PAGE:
Provincial and federal sales tax rates at the retail level on goods and some services are as follows:
• Alberta:......................0 + 5% = 5%
• British Columbia:..........7% + 5% = 12%
• Manitoba:....................7% + 5% = 12%
• Ontario:.......................8% + 5% = 13%
• Prince Edward Island:..10% + 5% = 15.5% (PST applied to price + GST)
• Quebec:..................... 7.5% + 5% = 12.875% (PST applied to price + GST)
• Saskatchewan:............5% + 5% = 10%
Property taxes
The municipal level of government is funded largely by property taxes on residential, industrial and commercial properties. These account for about ten percent of total taxation in Canada.
Excise taxes
Both the federal and provincial governments impose excise taxes on inelastic goods such as cigarettes, gasoline, alcohol, and for vehicle air conditioners. A great bulk of the retail price of cigarettes and alcohol are excise taxes. The vehicle air conditioner tax is currently set at $150 per air conditioning unit. Canada has some of the highest rates of taxes on cigarettes and alcohol in the world. These are sometimes referred to by Canadians as "sin taxes".
Payroll taxes
Ontario levies a payroll tax on employers, the "Employer Health Tax", of 1.95% of payroll. Eligible employers are exempt on the first $400,000 of payroll. This tax was designed to replace revenues lost when health insurance premiums, which were often paid by employers for their employees, were eliminated in 1989.
Quebec levies a similar tax called the "Health Services Fund". For those who are employees, the amount is paid by employers as part of payroll. For those who are not employees such as pensioners and self-employed individuals, the amount is paid by the taxpayer.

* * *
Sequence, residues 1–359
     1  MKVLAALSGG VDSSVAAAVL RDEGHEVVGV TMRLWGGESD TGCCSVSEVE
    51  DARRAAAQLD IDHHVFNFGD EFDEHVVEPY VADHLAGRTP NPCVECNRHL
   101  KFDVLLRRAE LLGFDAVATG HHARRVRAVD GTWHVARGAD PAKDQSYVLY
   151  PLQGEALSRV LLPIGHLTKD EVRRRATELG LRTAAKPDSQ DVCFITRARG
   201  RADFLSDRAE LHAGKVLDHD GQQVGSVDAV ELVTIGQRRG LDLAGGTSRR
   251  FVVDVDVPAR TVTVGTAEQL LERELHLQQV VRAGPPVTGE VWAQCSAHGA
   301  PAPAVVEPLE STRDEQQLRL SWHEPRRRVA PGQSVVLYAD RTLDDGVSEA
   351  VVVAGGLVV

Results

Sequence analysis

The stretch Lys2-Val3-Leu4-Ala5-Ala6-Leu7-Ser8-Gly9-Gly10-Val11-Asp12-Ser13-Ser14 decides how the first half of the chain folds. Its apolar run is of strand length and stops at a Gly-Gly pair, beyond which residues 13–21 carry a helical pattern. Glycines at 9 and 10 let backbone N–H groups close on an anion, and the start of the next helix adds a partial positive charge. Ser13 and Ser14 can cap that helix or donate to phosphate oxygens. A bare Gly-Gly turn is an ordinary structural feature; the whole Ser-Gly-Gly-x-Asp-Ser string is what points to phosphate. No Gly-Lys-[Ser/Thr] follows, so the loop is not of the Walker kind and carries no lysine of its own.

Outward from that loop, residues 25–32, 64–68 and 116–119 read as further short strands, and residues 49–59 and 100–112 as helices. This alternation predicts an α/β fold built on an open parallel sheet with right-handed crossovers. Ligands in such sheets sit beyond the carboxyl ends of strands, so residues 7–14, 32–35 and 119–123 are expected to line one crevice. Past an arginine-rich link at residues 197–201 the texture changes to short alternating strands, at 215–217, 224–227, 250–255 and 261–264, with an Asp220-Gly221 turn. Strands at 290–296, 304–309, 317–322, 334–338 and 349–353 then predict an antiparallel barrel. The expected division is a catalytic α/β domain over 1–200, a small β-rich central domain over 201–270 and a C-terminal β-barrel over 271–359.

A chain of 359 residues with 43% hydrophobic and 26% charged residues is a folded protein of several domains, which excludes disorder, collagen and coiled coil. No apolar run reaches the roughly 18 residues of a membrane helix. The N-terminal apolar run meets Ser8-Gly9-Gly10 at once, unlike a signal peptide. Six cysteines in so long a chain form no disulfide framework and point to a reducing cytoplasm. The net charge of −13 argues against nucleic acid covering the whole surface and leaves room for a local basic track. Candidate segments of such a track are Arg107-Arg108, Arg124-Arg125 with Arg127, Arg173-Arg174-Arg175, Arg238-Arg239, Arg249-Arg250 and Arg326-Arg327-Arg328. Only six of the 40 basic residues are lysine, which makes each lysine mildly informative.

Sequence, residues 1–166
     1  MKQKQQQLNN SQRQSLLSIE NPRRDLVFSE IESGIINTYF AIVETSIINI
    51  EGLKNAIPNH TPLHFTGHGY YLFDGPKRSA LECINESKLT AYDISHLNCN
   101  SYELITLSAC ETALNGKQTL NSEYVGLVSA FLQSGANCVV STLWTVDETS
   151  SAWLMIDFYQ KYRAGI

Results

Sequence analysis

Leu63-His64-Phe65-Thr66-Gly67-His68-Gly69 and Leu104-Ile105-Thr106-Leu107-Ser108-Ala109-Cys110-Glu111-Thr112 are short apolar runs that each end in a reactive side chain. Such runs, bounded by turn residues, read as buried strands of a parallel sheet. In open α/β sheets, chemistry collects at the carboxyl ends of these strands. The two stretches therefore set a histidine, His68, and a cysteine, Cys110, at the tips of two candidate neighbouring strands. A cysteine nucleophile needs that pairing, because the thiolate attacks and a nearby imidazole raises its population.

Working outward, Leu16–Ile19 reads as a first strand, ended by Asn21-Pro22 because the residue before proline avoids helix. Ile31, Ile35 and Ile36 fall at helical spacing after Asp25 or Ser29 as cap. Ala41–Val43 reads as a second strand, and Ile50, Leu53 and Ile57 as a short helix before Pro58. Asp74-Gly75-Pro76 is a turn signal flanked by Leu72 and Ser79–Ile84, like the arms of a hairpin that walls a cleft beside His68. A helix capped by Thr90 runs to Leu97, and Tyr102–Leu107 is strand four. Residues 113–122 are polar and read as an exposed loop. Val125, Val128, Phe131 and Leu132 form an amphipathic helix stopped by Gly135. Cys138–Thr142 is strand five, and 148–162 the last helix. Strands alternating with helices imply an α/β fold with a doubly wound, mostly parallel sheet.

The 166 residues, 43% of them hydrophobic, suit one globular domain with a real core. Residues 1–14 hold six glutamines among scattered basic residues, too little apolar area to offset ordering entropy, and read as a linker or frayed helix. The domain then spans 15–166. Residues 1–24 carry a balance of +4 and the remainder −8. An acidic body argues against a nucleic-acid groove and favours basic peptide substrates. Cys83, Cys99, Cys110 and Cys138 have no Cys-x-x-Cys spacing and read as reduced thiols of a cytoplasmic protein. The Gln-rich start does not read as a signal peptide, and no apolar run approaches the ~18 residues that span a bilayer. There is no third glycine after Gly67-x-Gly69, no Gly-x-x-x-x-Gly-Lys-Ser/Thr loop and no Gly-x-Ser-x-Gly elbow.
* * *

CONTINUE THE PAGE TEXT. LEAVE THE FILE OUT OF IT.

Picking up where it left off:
Premiums for the Employment Insurance system and the Canada Pension Plan are paid by employees and employers. Premiums for Workers' Compensation are paid by employers. These premiums account for 12% of government revenues. These premiums are not considered to be taxes because they create entitlements for employees to receive payments from the programs, unlike taxes, which are used to fund government activities. The funds collected by the Canada Pension Plan and by the Employment Insurance are in theory separated from the general fund. It should be noted that Unemployment Insurance was renamed to Employment Insurance to reflect the increased scope of the plan from its original intended purpose.
Employment Insurance is unlike private insurance because the individual's yearly income impacts the received benefit. Unlike private insurance, the benefits are treated as taxable earnings and if the individual had a mid to high income for the year, they could have to repay up to the full benefit received.
] Health and Prescription Insurance Tax